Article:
Table 1. Assessments of potential sick leave reduction by modifications to working conditions.
The assessments of the sick-listed subjects exhibited a triple-clustered distribution that corresponded to the categorisation into no (50.9%), uncertain (19.5%), and yes (29.6%). The mean proportion of yes assessments in this group of sick-listed subjects was 28.1% (95% CI 21.3–35.8) for officers and 29.6% (95% CI 22.7–37.5) for consultants. Spearman's correlation was, however, low and insignificant between assessments of sick-listed subjects and mean assessments of groups of NIO assessors. The difference-against-mean analysis revealed that the mean assessments of both NIO officers and medical consultants failed to identify the majority of the cases where the sick-listed subjects predicted effects of modified working conditions (Figure 2).
Figure 2. Differences in assessed sick leave reduction potential by modifications to working conditions. Bland-Altman plot of difference between mean assessments of probable sick leave reduction potential by National Insurance officers and National Insurance medical consultants, and the sick-listed subjects plotted against mean assessments of National Insurance collaborators and sick-listed subjects (n = 157). The cubic regression fit lines indicate the mean differences.
Inter- and intra-observer agreement
The inter-observer agreements of whether modified working conditions might reduce the ongoing sick leave were low within and between the groups of NIO officers and medical consultants (Table 2). Inclusion of the SC2 increased the observed and chance-corrected agreement, but kappa was still less than 0.20 within and between groups of assessors.
Table 2. Agreement on potential sick leave reduction by modifications to working conditions.
The chance-corrected agreement, kappa, between the sick-listed subjects and NIO assessors was not different from zero, with one exception (Table 3). Within the group of seven consultants, kappa was less than zero. Inclusion of the SC2 reduced the observed and chance-corrected agreement with the sick-listed subjects.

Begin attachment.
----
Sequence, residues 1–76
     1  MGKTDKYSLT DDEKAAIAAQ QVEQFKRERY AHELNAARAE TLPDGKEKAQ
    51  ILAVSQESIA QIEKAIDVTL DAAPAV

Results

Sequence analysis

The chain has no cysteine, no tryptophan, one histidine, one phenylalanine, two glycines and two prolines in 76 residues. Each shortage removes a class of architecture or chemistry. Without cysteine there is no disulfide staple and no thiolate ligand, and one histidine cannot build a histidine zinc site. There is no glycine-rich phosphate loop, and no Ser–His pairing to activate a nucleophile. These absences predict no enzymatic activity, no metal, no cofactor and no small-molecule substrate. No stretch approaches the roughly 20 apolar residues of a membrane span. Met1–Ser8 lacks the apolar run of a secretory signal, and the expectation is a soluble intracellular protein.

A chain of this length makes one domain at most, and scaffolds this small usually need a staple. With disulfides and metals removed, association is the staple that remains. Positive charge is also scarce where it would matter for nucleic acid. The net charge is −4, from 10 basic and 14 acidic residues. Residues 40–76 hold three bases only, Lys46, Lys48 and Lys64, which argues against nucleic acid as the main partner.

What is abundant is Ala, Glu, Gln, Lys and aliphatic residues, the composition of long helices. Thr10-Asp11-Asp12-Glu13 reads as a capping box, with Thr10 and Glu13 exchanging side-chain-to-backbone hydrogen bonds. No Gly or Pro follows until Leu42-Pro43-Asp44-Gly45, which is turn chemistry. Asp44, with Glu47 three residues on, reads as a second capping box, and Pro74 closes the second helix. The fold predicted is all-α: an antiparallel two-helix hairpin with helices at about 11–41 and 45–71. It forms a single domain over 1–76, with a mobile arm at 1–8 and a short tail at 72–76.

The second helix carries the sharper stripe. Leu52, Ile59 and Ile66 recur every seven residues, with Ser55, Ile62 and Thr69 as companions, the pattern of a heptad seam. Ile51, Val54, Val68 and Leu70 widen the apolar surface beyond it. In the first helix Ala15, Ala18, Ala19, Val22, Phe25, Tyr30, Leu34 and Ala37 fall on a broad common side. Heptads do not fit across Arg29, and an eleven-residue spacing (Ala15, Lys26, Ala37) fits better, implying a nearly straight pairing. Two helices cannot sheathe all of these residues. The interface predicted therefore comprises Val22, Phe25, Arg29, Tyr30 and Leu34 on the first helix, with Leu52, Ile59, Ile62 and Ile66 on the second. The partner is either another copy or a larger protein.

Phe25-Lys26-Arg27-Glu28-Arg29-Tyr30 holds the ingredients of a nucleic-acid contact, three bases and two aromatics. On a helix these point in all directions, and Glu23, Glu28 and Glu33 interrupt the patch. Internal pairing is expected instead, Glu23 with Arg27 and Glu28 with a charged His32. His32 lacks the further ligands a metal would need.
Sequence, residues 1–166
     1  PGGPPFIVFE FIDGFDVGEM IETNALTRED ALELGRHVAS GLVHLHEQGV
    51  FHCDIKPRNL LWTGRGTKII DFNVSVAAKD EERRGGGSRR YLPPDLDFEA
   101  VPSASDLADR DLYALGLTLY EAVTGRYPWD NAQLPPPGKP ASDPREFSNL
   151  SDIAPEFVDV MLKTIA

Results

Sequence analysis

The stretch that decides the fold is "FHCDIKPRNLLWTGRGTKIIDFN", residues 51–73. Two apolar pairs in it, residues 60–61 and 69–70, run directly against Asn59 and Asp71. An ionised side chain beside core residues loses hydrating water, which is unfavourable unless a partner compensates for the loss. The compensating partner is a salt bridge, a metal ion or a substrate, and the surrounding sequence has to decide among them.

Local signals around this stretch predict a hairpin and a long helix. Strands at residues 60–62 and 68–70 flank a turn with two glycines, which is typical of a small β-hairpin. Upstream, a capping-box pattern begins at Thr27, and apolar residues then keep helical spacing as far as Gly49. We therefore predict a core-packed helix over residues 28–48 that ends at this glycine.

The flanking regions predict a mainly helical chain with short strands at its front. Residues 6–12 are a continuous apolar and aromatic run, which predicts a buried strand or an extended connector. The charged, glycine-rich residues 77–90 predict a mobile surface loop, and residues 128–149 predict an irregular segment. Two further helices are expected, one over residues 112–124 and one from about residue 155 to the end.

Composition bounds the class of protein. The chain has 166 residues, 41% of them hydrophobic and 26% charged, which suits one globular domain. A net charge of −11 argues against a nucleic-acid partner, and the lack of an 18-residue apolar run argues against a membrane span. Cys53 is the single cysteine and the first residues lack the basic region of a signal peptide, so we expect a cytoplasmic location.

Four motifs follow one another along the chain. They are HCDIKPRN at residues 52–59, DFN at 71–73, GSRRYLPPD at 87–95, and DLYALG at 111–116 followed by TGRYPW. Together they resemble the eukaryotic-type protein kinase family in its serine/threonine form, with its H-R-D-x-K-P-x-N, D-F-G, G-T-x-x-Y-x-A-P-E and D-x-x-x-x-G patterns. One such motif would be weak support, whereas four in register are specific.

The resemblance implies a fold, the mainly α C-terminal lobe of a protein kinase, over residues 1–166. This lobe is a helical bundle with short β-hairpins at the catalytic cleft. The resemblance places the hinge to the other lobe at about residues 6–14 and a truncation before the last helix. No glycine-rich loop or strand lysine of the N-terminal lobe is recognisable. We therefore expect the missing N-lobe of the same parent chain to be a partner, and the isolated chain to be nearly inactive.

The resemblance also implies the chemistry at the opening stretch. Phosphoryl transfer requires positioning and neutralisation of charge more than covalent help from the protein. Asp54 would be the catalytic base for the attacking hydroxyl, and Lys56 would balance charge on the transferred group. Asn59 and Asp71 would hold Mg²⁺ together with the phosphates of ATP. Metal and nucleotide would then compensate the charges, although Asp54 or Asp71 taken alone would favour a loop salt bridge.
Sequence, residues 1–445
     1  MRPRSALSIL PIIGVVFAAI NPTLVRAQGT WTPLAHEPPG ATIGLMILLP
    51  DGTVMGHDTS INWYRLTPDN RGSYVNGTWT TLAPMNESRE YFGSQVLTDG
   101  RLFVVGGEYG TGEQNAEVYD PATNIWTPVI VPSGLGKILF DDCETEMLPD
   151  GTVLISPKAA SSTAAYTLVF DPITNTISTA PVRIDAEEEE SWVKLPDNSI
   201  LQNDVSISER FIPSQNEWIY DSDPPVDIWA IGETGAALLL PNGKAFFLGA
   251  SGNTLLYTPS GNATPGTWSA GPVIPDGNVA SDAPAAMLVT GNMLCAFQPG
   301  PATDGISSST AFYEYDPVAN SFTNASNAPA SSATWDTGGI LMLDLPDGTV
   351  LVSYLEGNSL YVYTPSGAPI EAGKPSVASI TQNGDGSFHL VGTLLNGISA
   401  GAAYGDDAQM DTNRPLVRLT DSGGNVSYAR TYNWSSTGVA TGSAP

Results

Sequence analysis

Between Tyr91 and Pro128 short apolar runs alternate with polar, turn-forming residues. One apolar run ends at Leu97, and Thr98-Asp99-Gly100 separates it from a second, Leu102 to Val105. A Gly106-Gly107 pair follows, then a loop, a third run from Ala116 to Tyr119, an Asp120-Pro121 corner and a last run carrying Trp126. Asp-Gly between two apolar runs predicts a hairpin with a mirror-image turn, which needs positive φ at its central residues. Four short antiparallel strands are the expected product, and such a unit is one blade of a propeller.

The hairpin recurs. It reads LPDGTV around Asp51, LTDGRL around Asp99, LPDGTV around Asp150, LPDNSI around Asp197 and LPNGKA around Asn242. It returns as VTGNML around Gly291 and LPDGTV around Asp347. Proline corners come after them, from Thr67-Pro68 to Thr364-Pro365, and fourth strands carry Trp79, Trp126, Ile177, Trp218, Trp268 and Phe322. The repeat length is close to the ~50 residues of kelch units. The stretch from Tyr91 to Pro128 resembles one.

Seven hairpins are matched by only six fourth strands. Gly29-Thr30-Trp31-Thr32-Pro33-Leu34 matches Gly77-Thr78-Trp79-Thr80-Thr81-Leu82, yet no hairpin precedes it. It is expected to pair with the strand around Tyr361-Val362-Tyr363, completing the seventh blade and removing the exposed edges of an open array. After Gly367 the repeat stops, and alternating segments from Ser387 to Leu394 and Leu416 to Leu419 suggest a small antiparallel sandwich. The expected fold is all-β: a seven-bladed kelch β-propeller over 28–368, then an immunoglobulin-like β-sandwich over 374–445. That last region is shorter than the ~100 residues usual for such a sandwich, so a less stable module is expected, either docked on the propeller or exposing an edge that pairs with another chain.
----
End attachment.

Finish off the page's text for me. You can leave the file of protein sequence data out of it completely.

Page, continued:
Table 3. Agreement between sick-listed subjects and National Insurance assessors.
Reproducibility tests within the two consultants showed that the intra-observer agreement was fair (k = 0.23), and increased to moderate (k = 0.52) with the inclusion of SC2 (Table 4). The inter-observer agreement between all consultants, however, never exceeded poor agreement, even with knowledge of the opinions of sick-listed subjects.
Table 4. Reproducibility of assessed sick leave reduction.
This study explored the ability to identify sick-listed subjects for which work-related measures might reduce sick leave based on sickness certificate-mediated information from GPs, according to everyday work in Norwegian NIOs. Surprisingly, there was virtually no agreement beyond chance within or between groups of NIO officers and medical consultants about in which cases modified working conditions might contribute to reducing the ongoing sick-leave period. In addition, the chance-adjusted agreement between sick-listed subjects and officers or consultants regarding whether the sick-listed subjects could benefit from modified working conditions did not differ significantly from zero. Neither additional medical and social information nor formal medical competence improved agreement within or between groups.
The representativity of the assessors is essential in the interpretation of the result. The selection of interested and experienced officers – rather than using randomly selected officers – might give an overestimation of the officers' capacity to identify candidates for modified working conditions. Additionally, in this open study, we would expect the NIO officers and consultants to perform at least as well as they do in their regular work.
The NIO medical consultants showed a wider range in their probability assessments than did the officers, and the bias index (Table 2) indicated a systematic different attitude to the potential effect of work adjustment. Nevertheless, we did not find any significant difference in agreement between the sick-listed subjects and each of the two medical consultants, or in agreement between groups of medical consultants and the sick-listed subjects. The scores of both medical consultants were within the range of those of the ten colleagues in the reproducibility part of the study.